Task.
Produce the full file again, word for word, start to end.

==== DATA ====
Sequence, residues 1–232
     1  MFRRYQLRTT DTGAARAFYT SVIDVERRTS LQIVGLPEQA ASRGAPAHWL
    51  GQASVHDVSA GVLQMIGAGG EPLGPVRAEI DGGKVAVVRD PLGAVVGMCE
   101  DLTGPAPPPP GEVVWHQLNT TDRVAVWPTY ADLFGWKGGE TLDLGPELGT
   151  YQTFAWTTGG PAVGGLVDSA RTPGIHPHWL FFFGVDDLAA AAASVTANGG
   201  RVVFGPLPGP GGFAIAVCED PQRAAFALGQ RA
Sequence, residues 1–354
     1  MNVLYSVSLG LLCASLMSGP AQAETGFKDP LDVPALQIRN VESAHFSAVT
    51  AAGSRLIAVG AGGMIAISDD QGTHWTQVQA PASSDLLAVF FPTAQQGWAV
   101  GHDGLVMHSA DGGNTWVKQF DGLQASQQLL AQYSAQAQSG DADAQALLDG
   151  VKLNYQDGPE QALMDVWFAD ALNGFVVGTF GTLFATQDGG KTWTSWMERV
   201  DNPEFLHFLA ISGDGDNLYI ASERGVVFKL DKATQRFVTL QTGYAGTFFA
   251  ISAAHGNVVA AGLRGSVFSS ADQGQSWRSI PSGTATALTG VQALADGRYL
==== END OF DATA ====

Sequence, residues 1–232
     1  MFRRYQLRTT DTGAARAFYT SVIDVERRTS LQIVGLPEQA ASRGAPAHWL
    51  GQASVHDVSA GVLQMIGAGG EPLGPVRAEI DGGKVAVVRD PLGAVVGMCE
   101  DLTGPAPPPP GEVVWHQLNT TDRVAVWPTY ADLFGWKGGE TLDLGPELGT
   151  YQTFAWTTGG PAVGGLVDSA RTPGIHPHWL FFFGVDDLAA AAASVTANGG
   201  RVVFGPLPGP GGFAIAVCED PQRAAFALGQ RA
Sequence, residues 1–354
     1  MNVLYSVSLG LLCASLMSGP AQAETGFKDP LDVPALQIRN VESAHFSAVT
    51  AAGSRLIAVG AGGMIAISDD QGTHWTQVQA PASSDLLAVF FPTAQQGWAV
   101  GHDGLVMHSA DGGNTWVKQF DGLQASQQLL AQYSAQAQSG DADAQALLDG
   151  VKLNYQDGPE QALMDVWFAD ALNGFVVGTF GTLFATQDGG KTWTSWMERV
   201  DNPEFLHFLA ISGDGDNLYI ASERGVVFKL DKATQRFVTL QTGYAGTFFA
   251  ISAAHGNVVA AGLRGSVFSS ADQGQSWRSI PSGTATALTG VQALADGRYL